House of Recovery
|Material/ Technique||archival inkjet print|
|Copyright Notice||© CHEN Wei|
|Year of acquisition/ donation||2018|
|Description||Born in Zhejiang, China in 1980. Lives and works in Beijing.|
Chen Wei is one of the leading artists of China’s “post-80” generation born after the one-child and economic-reform policies. Using mainly photography as his medium, he exposes the gap between the fantasy and reality of Chinese society created by its dramatic economic growth and unprecedented property investment boom and questions anew in an objective and incisive manner individuals’ views of society and the relationship between the world and the individual.
The interiors in Chen’s photographs, devoid of people and reminiscent of movie scenes, quietly expose through skillful set creation and elaborate staging the emptiness and danger associated with the massive urban spaces resulting from the emphasis on economic growth that stimulates people’s desires. The imaginary tales he weaves are critical of contemporary society while at the same time casting doubt on the credibility, objectivity and reliability of photography, posing incisive questions concerning our acceptance of images. On the other hand, the blinking LED lights of Chen’s installations, inspired by LED billboards abandoned in out-of-the-way urban locations, leak out and fill their exhibition spaces while generating an almost musical irregular rhythm. Appealing directly to our bodily senses, these works both exhibit the kind of physicality one would expect from an artist with a background in experimental music and performance and maintain a close connection to the methods Chen employs in his photographic work.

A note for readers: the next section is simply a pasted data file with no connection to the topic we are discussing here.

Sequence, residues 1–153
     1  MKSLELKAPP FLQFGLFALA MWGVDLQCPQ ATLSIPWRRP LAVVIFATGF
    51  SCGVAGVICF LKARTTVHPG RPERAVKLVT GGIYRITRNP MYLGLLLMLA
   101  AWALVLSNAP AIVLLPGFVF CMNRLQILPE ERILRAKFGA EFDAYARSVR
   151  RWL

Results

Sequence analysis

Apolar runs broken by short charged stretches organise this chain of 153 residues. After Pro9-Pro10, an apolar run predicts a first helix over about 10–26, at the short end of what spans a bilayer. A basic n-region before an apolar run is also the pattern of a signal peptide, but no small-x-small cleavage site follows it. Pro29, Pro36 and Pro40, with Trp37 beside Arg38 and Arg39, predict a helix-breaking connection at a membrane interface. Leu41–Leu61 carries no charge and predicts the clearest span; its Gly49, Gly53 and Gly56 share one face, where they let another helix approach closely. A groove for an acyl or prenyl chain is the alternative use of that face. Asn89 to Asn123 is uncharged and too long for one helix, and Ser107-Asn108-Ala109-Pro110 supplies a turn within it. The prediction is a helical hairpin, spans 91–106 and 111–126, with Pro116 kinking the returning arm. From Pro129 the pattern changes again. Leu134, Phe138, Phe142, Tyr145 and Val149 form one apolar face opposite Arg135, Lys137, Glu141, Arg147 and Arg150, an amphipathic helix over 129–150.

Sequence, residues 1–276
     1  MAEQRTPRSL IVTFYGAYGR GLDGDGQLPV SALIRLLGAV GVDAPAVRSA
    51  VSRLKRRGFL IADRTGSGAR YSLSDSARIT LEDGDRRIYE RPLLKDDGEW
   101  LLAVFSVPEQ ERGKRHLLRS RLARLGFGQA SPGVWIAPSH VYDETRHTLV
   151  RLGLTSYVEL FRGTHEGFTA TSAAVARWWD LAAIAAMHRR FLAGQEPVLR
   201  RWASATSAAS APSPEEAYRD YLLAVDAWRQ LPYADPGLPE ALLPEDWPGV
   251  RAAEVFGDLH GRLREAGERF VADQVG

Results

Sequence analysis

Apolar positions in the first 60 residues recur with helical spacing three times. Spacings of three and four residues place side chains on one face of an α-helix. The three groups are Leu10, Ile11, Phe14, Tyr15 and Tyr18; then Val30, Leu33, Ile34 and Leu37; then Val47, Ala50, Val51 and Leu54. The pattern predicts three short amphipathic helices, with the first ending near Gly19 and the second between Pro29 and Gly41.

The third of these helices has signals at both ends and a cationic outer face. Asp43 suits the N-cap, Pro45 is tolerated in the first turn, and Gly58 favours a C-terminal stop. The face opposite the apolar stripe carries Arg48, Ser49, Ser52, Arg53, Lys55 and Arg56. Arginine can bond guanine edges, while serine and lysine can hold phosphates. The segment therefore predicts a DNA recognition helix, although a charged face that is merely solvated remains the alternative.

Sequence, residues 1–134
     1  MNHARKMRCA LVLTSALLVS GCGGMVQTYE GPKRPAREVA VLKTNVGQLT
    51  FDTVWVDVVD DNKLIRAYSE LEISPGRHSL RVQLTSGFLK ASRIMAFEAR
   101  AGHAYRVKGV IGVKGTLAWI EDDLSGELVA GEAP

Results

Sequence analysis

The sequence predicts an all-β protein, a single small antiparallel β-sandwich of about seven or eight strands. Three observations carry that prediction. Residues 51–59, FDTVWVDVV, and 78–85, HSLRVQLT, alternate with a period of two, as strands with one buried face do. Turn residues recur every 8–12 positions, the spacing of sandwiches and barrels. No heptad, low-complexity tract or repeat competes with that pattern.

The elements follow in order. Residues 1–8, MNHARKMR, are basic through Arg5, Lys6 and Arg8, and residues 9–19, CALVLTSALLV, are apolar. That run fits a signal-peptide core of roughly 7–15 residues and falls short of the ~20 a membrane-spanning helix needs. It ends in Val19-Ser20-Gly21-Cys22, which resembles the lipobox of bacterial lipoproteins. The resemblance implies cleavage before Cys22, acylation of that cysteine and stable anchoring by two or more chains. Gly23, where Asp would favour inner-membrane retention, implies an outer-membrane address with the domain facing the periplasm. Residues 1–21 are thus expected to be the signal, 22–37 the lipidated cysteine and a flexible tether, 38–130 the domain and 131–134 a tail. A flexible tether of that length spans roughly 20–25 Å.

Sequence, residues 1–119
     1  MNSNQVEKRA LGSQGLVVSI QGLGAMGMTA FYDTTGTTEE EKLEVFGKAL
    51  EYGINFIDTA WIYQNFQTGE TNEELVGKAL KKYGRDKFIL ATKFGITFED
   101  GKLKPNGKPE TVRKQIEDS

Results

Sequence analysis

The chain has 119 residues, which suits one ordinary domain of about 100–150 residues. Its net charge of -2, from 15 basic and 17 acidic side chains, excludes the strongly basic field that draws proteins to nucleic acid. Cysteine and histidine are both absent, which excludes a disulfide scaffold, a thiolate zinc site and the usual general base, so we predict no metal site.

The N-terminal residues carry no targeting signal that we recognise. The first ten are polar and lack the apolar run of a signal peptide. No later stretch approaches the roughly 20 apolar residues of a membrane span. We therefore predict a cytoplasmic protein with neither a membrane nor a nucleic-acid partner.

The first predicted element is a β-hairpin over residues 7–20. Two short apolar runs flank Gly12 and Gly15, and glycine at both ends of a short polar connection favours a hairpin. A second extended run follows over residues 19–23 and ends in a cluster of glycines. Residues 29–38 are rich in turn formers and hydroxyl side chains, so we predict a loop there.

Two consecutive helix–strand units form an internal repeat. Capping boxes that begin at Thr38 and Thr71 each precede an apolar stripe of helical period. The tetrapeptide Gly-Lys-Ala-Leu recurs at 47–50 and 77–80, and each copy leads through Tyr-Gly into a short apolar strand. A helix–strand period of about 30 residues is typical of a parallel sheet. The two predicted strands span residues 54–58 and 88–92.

This Collection Data page contains the works and materials in the collection of 21st Century Museum of Contemporary Art, Kanazawa, as of April 1, 2018.
Artists are listed alphabetically by artist’s surname.
Works and materials by the same artists are listed according to the date of the work in principle.
Works whose dates are unidentified are listed at the end of each item. Some works are not listed according to the date of work due to their relations.
The data of works and materials are listed in order of title, production year, material/technique/form, dimensions, donor’s name, copyright holder and credit for photograph.
Dimensions are given by height (H) x width (W) in centimeters for plane work, and height (H) x width (W) x depth (D) in cm for 3-D work. Diameter (Ø) is used for circular work.
For the name of country or city, the name currently used in English is listed in principle.